A painfully slow labor market integration has indeed created problems: Certain forms of crime have increased, especially violence between drug gangs who have taken to killing rivals in public. Still, the general narrative is exaggerated when considered in the proper context.
Take, for instance, Sweden’s homicide rate. Sure, it increased from 1 to 1.2 per 100,000 people between 2010-2020. But in the US, it increased from 4.8 to 6.5 per 100,000 over the same time. Break-ins declined in Sweden in that period. Reports of muggings were stable, even though the share of men who say in polls that they have been mugged has increased in recent years. If we were really heading for the breakdown of civil order that many fear, it should be more discernible in the data.
Sweden’s welfare system has also made integration difficult. This system was built for a homogeneous, well-educated and productive workforce with high-end jobs where lower-wage sectors were gradually jettisoned. This model was not prepared for a growing part of the population with limited education, experience and language skills. The de facto minimum wage (through collective bargaining) in Sweden is almost 90 percent of the average wage in retail, hotels and restaurants. This means that anyone who is slightly less productive than the average gets priced out of the market, which is what is happening to a lot of immigrants. Sweden has the lowest share of “simple jobs” in the EU that require little or no education—5 percent compared to the EU average of 9.3 percent. At the same time, the country has the highest number of refugees per capita, many of them with little or no education. In combination with generous welfare benefits, this is a recipe for social exclusion.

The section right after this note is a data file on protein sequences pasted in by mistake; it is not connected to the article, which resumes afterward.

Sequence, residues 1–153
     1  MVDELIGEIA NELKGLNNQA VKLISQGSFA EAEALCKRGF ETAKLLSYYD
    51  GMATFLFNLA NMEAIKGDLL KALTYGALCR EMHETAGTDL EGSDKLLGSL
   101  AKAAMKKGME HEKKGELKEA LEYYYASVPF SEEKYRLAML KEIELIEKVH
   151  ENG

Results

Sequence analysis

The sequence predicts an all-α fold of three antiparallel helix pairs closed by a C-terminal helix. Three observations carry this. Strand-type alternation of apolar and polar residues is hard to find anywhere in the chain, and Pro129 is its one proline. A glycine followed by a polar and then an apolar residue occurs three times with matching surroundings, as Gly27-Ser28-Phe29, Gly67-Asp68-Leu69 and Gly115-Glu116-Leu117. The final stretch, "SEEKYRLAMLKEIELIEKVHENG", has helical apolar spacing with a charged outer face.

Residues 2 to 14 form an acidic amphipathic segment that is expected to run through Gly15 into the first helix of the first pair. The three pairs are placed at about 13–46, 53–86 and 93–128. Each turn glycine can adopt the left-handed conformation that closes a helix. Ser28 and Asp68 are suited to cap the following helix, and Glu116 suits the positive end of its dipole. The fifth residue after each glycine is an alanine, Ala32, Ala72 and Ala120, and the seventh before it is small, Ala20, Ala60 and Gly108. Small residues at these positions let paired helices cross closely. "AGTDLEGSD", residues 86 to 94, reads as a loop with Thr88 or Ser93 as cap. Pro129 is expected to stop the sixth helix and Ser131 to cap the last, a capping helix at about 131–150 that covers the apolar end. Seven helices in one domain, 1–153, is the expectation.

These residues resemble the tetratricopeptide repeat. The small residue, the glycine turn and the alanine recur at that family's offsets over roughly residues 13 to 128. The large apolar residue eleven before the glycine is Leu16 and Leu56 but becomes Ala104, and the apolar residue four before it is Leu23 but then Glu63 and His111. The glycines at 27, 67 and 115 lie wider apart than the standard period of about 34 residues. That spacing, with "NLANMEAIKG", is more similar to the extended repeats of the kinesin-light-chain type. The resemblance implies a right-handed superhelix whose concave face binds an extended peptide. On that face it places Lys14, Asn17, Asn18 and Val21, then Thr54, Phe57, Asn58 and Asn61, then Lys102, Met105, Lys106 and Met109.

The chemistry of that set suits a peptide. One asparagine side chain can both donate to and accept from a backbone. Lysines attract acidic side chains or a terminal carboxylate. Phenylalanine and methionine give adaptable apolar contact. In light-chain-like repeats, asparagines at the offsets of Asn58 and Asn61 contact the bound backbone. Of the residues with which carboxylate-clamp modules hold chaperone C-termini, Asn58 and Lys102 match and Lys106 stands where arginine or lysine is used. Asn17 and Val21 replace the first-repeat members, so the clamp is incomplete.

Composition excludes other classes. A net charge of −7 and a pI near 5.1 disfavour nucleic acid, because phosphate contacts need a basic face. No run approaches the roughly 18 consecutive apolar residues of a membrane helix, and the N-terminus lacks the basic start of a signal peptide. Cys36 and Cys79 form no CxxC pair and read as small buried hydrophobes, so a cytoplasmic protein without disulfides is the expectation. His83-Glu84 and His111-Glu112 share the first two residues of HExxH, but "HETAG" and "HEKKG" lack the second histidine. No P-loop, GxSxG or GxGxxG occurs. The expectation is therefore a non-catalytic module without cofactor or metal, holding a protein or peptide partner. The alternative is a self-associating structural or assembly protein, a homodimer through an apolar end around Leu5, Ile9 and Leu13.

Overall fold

Still, despite such odds, immigrants are getting ahead. The share of the foreign born who have a job has increased from less than 50 percent to 65 percent over the last two decades. (This is higher than the average employment rate for natives in Greece and Spain.) One could make the case that Sweden’s difficulties with immigration are getting better not worse.
However, with more immigrants in the population, the issue has become more salient among voters because even declining use per capita can translate into a higher total fiscal burden. This posed a dilemma for established parties like the progressive Social Democrats and the center-right Moderate Party: They could either fight the immigrant bashing that the Sweden Democrats were engaging in and fix the labor market to make integration work. Or they could cave.
They chose the latter.
Since Sweden is so attached to its welfare state and its powerful trade unions, blaming such policies for the country’s integration problems was too politically risky. It was far more expedient for the Social Democrats and the Moderate Party to join the Sweden Democrats in turning their backs on immigrants. Around mid-2016, the entire political establishment made a dramatic about turn and Sweden switched from being Europe´s most generous country in terms of admitting refugees to one of the most restrictive.
One reason that the established parties turned on immigration was that they thought that this would take the wind out of the populist sails of the Sweden Democrats. That turned out to be an epic miscalculation.